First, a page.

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Feasting: 3 Delish Recipes from Blue Ribbon

Challah Doughnuts, blue ribbon
Diggy Lloyd
Feasting is our column dedicated to cooking, grilling, eating and discovering what’s on the menu across America and the world.

Anyone who’s immersed in the NYC dining scene, whether associated by career or love of eating out, knows how important Blue Ribbon Restaurants have been in shaping the culinary culture of this city. Helmed by brothers Bruce and Eric Bromberg, what began as the original Blue Ribbon Brasserie in 1992 on Manhattan’s Sullivan Street has grown into an empire with 19 properties in New York, Los Angeles, Las Vegas and London.

The Brombergs were no strangers to fine cuisine, as their upbringing involved trips to a small town in Provence, France where their love and understanding of French cooking began to grow and evolve. They both attended Le Cordon Bleu in Paris and worked at some of the top restaurants in France before bringing their talents to numerous kitchens in New York City. When they opened Blue Ribbon Brasserie in 1992, it introduced a new wave of dining with an eclectic menu, casual atmosphere and late-night hours (the restaurant famously stays open until 4 am) that draws chefs from all around the city after closing their own kitchens. Now their restaurants span across four cities and include favorites like Blue Ribbon Sushi, Blue Ribbon Fried Chicken and Blue Ribbon Bakery Market. Most recently, they opened The Ribbon in NYC’s Upper West Side neighborhood serving some of their classic fare with, of course, a raw bar, smoked fish and plenty of charcuterie.

So yeah, the Brombergs and Blue Ribbon know what’s up. Which is exactly why we asked them if they could give us some of their iconic recipes to try at home. Check out three of their favorites below and try your hand at mastering them in your own kitchen.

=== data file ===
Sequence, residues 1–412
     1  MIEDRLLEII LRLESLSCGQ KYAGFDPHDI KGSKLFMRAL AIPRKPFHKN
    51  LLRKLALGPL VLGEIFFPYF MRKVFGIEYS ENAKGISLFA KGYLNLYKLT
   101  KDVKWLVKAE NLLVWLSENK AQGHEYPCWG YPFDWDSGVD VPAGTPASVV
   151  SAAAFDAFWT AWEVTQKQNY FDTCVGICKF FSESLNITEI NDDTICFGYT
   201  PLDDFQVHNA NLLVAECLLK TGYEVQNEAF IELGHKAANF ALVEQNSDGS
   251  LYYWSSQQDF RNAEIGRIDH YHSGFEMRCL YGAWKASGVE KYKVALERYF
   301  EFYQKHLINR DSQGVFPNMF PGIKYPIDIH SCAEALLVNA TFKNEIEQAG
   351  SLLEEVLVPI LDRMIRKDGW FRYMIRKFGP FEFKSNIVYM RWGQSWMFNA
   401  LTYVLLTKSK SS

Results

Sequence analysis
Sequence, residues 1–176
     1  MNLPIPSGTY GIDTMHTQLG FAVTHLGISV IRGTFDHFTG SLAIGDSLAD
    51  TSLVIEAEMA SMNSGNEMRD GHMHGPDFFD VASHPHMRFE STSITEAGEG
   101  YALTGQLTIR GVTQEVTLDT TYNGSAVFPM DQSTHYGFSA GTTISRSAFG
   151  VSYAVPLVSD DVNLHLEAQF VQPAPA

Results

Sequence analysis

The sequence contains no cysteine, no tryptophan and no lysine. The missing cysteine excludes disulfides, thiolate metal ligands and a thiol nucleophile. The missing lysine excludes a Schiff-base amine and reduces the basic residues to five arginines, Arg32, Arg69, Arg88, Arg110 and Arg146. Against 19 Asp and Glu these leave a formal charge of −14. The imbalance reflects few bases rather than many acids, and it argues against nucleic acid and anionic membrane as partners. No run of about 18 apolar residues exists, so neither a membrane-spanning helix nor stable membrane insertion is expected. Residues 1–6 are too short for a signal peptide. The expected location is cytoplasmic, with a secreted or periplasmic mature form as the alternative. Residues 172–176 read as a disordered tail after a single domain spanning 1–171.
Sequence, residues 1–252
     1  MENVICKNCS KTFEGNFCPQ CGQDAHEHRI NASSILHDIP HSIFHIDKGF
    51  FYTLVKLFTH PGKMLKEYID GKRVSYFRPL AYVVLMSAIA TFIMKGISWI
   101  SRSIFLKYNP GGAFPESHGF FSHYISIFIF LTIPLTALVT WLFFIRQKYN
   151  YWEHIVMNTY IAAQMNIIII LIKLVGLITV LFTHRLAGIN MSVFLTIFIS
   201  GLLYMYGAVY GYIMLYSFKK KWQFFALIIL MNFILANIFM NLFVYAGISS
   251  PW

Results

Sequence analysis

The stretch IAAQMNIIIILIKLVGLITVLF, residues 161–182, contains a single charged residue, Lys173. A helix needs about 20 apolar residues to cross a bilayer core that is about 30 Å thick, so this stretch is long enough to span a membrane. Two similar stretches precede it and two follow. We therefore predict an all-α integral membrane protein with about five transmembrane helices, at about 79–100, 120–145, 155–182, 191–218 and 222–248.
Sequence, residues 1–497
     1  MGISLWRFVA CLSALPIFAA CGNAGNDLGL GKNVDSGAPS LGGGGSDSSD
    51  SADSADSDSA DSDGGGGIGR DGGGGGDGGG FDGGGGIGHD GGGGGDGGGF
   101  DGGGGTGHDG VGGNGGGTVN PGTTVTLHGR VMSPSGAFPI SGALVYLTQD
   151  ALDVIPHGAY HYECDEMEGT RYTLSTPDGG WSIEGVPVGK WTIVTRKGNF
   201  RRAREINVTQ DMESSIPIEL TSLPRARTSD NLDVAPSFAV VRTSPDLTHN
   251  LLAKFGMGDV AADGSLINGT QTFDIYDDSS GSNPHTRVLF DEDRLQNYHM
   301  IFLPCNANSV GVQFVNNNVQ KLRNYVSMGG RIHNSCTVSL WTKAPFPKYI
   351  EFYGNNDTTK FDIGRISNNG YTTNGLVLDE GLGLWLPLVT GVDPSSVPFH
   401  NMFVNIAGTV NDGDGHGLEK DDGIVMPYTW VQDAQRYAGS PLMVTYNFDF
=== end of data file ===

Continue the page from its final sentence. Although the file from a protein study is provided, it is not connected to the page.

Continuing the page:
Bone Marrow & Oxtail Marmalade, blue ribbon
Photo Credit: Steve Hill Image used with permission by copyright holder

Beef Marrow Bones with Oxtail Marmalade

Serves 6


Marrow Bones

3 lbs. center-cut beef marrow bones cut into 2-inch pieces, tendons trimmed (ask your butcher to do this)
1/4 cup kosher salt, plus more if needed

Oxtail Marmalade

4 lbs. oxtail, trimmed of fat
6 cups port wine
6 cups dry red wine
4 qts. veal or chicken stock homemade or purchased
1 garlic head, halved crosswise
1/2 thyme, fresh bunch
1 tbsp. black peppercorns
8 tbsp. unsalted butter (one stick)
3 tbsp. all-purpose flour
1 1/2 lbs. carrots, peeled, trimmed and cut into 1/4 -inch cubes (about 4 cups)
1 lb. shallots, peeled and cut into 1/4 -inch cubes (about 4 cups)
1 1/2 tsp. kosher salt, plus more to taste
1/2 cup granulated sugar
1/2 cup packed light brown sugar
1 cup red wine vinegar
2 1/2 tsp. freshly ground black pepper, plus additional to taste

Final dish

3 slices challah bread, freshly toasted and still warm
Chopped fresh flat-leaf parsley leaves, for serving
Fleur de sel or another coarse sea salt, for serving


1. To soak the marrow bones, place the bones in a large bowl. In a large measuring cup, combine the salt with 4 cups of cold water; pour over the bones. If the water does not cover the bones, add a solution of 1 cup water to 1 tablespoon salt at a time, until the bones are covered. Soak bones in the refrigerator for 36 to 48 hours, changing the water three times, until the bones are bleached of color. Drain well.

2. To make the marmalade (you can do this up to two days ahead), combine the oxtail, 3 cups port, red wine, veal stock, garlic, thyme and peppercorns in a large pot. Bring the mixture to a boil, reduce heat and simmer for 3 hours. Transfer the oxtail to a bowl; once the meat is cool enough to handle, remove the meat from the bones and cut it into small cubes. Discard the bones and refrigerate the meat until ready to use.